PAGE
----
This translates to, the sun is very powerful and trying to replace its function is very expensive. My approach to artificial light is to explore if your greenhouse can operate without it first, if not, the next step is to quantify what it is going to cost to operate the lighting apparatus per month and year to make sure it makes sense.

Here are a couple of scenarios where artificial light is not needed…

  1. The greenhouse only operates 3 seasons of the year. The greenhouse is used as a hang out space in the 4th, dark season. I don’t consider this a failure as, in my climate this means that I am growing for 200–250 days instead of the measly 100 days I typically get outside.
  2. The greenhouse is growing tropical plants that typically would live in the understory of the rainforest so low light is something that can be tolerated.
  3. You are growing microgreens in your greenhouse which does not require additional light in most scenarios.

If none of those apply you will want to design your light apparatus carefully. For this I built a passive solar greenhouse design tool which has a light calculator inside of it to make estimating power consumption and cost EASY…

How To Design A Super Efficient Passive Solar Greenhouse...

Passive solar greenhouse design tool for light calculations

The light calculator has different technologies built into it with their respective power draw per square foot, the pros and cons of the the light technology and the ability to estimate the number of hours the lights will operate per day per month. Once the user enters in an lit area and a cost of power they will be able to estimate how much the lighting in the greenhouse will cost to operate.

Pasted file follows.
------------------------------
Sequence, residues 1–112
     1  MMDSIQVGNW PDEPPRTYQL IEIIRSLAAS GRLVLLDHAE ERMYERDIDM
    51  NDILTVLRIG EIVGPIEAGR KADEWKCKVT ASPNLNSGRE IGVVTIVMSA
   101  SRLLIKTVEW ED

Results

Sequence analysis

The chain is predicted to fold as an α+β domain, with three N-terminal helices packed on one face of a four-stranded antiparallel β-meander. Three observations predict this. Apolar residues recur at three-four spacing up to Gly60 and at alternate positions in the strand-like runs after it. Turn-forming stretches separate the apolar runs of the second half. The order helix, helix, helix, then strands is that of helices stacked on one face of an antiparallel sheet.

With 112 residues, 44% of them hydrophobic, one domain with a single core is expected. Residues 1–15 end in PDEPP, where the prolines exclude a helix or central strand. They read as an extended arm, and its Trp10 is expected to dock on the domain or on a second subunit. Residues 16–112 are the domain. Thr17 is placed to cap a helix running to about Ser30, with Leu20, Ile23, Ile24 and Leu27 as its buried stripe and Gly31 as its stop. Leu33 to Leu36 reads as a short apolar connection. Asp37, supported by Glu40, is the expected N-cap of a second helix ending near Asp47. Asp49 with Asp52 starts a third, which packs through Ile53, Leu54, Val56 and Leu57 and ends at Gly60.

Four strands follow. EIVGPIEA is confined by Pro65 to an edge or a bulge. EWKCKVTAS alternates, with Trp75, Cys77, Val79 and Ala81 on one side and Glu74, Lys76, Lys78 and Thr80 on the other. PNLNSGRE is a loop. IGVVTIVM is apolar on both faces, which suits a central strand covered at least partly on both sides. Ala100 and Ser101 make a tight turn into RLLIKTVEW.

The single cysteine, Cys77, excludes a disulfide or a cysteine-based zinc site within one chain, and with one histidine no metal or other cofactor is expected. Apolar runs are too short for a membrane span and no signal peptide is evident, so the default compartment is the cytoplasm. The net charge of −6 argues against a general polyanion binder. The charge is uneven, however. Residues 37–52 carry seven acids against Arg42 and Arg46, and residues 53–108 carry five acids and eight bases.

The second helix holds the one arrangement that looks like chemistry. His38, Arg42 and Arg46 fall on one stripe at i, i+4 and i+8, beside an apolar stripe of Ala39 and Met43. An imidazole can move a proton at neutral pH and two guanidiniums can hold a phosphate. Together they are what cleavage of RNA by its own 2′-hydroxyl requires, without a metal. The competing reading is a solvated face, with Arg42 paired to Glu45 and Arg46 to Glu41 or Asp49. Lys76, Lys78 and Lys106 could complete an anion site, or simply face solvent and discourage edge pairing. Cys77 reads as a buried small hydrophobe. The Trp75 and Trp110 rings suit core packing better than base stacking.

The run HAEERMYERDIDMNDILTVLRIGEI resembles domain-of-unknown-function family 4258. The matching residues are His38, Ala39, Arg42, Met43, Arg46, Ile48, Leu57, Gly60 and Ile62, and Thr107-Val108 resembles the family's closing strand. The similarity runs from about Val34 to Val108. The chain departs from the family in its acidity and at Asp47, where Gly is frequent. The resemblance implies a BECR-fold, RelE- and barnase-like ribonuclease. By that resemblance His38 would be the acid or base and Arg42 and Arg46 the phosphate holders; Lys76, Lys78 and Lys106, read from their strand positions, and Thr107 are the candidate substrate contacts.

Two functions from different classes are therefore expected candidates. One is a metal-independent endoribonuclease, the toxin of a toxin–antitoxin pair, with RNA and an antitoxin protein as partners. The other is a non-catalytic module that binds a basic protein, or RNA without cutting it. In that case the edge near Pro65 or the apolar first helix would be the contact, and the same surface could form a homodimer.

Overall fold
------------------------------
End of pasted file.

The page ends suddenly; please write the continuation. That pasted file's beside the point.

The passive solar greenhouse design tool forms the backbone of the 10 week Passive Solar Greenhouse Design Course I am offering through Small Farm Academy. Click here to find out more about our course.

If you don’t have the tool, estimate the area you need lit, the technology and its respective wattage and figure out how many hours you need to light your greenhouse per month.

Cost of light = Cost/kWhr * Power consumption (kW) * hours of opperation

From here you can make an informed decisions about whether your greenhouse should be artificially lit.

Insulation…

Correctly placed insulation is what makes a passive solar greenhouse different then a conventional gable style greenhouse.

Insulation is important but it has an interesting diminishing return in passive solar greenhouses. Because the southern glazing surface (south facing glass) has such a low R-Value relative to the insulated walls there is a very important point in which there are massive diminishing returns in adding any additional insulation into the North, East and West walls.

Basically adding more insulation into the walls has no effect on overall heat loss which translates into, you spend more money on adding insulation and get no benefit. For this reason I built an easy calculator that does not require you to be an engineer to use. The tools allows to sort out what the optimal insulation values are for each of the walls and glazing surfaces in your greenhouse.

It does this by asking the user to enter in surface areas and proposed R value for every surface and then spits out a data visualization pie chart which shows you the breakdown of heat loss in the greenhouse space. This means the user does not need to understand what a BTU is, just how much of the “pie” is leaking through which surfaces. The user can then go back into the tool and try different R-values and strategies until they land on an insulation design that works for them…